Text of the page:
They Will Lock Up Many More

April 15, 2013
Alexei Navalny

What is really striking is all the fuss that’s been made over the trial, which starts on April 17 in Kirov, in which I’m one of the defendants accused of putting together a criminal organization that conspired to steal lumber and sawdust from the company Kirovles, and actually stole that stuff worth about 16 million rubles. After the notorious Khodorkovsky case, the Pussy Riot case, the 16 people convicted under the Bolotnaya case, the tens of thousands arrested under fabricated cases, the acquittal rate of 0.4 percent – after all this, a statement about a Kafkaesque trial sounds so incredibly trivial.

Okay, they put together a case, opened three more cases, and there is a chance they will put me behind bars. But that’s what I’ve been hearing for the last four years — that they will lock me up. Moreover, after the “Vote for Any Party Except for the Party of Crooks and Thieves” campaign was launched, they talked about it every 10 seconds. Do I think about it? Yes, I do. Do I want to go to jail? I don’t think anybody wants to. Do Putin and Bastrykin dream of sending me to a prison camp? The truth is they really want me to run away. That’s exactly why, back in July, when charges were brought against me, I was given a week’s notice, because they knew I had tickets to Portugal, where my family ended up spending the vacation without me. And this is exactly why now they also notified me in advance, that there would be no preliminary hearing – which, by the way, is a direct violation of the law – and that the trial would start immediately.

Well, get this: I am not going to run away, I am not going to emigrate. I have a family, two kids, criminal cases against my parents, my brother. Almost all of my relatives’ and friends’ apartments were searched. Everything in life has a price.

About the case

The most ridiculous thing about this case is that all the evidence the prosecution came up with is in fact the evidence in my defense. The 60 witnesses for the prosecution are essentially the witnesses for the defense. Well, except, maybe Mr. Opalev (the director of Kirovles back in 2009-2010). The investigators listened to my phone conversations and looked through my emails, in which I suggested to my co-defendant, Mr. Pyotr Ofitserov, that he open a Gmail account – the fact from which they drew their conclusion that I set up a criminal group and then attempted to conceal some illicit financial schemes.

They have zero evidence. They say: “You have embezzled 16 million rubles.” Mr. Ofitserov produces some payment documents showing that the Vyatka Lumber Company (VLC) paid Kirovles 15 million rubles, and the balance due is subject to arbitration. The investigators reply: the VLC, which, by the way, was only 2 per cent of the total Kirovles turnover, was buying lumber at artificially low prices. Meanwhile, there is no merchandising or accounting assessment related to the 16 million rubles. How did they come up with that number? How was it calculated?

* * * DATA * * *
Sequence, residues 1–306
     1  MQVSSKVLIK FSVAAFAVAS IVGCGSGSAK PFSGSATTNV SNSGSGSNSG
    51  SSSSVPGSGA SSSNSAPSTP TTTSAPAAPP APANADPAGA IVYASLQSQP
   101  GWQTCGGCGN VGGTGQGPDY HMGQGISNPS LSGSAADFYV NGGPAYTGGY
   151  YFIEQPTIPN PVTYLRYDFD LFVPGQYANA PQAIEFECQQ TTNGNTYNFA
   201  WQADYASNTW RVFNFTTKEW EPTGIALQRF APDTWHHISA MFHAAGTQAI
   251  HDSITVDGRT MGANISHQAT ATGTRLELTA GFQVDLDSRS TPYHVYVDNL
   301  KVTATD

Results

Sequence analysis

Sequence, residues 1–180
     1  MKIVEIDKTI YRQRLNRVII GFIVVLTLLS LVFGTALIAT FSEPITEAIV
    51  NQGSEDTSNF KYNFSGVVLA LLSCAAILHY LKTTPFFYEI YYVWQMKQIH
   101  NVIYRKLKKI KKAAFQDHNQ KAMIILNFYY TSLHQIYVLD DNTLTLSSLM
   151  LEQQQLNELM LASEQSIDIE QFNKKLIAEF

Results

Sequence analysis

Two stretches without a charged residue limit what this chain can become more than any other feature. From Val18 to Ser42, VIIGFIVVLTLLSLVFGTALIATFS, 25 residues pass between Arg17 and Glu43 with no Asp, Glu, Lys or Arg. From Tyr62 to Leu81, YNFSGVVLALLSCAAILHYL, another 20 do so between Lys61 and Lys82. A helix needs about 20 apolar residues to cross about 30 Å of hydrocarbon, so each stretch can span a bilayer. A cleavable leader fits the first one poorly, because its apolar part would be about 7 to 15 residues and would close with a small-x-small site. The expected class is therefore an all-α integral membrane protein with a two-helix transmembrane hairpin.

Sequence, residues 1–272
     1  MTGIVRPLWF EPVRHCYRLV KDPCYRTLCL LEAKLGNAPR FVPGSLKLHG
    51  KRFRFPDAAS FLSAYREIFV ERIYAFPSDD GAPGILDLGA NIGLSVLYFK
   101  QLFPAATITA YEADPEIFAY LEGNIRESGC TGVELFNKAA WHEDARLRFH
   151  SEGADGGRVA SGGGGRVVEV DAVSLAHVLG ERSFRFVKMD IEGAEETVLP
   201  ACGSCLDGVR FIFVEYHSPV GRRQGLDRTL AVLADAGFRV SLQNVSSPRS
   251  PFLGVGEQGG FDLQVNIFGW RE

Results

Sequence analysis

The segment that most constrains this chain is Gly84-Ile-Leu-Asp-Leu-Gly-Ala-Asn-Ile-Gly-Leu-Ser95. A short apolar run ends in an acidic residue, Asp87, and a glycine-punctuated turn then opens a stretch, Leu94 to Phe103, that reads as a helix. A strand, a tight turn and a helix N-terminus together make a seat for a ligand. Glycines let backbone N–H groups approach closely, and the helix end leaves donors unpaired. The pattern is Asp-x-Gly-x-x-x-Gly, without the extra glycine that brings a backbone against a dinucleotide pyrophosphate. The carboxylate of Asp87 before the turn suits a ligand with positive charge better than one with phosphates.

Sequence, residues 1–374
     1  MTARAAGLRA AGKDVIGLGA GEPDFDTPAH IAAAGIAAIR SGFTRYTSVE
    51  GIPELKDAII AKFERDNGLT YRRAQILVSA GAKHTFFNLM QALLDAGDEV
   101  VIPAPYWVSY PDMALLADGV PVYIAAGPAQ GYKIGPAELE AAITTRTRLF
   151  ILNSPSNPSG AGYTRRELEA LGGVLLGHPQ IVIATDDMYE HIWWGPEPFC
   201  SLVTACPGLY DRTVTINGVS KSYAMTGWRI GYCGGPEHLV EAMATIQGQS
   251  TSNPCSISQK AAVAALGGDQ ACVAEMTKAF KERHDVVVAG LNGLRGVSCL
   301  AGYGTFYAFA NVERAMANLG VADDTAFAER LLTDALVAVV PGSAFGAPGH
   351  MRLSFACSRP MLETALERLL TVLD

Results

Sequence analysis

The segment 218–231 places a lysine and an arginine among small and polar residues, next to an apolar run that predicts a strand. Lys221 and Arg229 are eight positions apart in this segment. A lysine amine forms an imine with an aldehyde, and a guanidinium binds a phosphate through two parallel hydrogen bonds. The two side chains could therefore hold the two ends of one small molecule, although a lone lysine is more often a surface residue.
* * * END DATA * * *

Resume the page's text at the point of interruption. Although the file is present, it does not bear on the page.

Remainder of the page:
Under the criminal case that was closed in April, there were two evaluations, both disputed by us. According to one, the damage was 1.2 million rubles; according to the other, it was 589,000 rubles. So, how did that new damage come to light without any evaluation? And upon whom was that damage inflicted? We still do not have an affected party that actually sustained the loss. How was it determined that the price, that was in fact a market average, was artificially low? That is still a mystery.

I have no idea how they are going to try to prove the fact of embezzlement. Of course, we will make our motions, demand new assessment, we will come up with our calculations, et cetera, but I wouldn’t get my hopes too high.

About a possible verdict

It’s quite clear that Mr. Bastrykin will make sure that the case he personally oversaw does not fall apart in court. There are two options: probation or imprisonment. The first option would mean they opted for a Belorussian scenario of fighting the opposition. In Belarus, those who were once arrested for “administrative” offenses — that is, for participating in opposition rallies or demonstrations — cannot stand for elections. In Russia, they made an amendment to the Election Law according to which persons convicted for especially serious crimes are barred from standing for elections for life. This is exactly why they came up with that 16 million figure, which brings it under the category of embezzlement on a very large scale. This is how they are trying to achieve that quite practical goal of making sure that Navalny cannot participate in the elections either for Moscow City Duma, or for the Mayor of Moscow.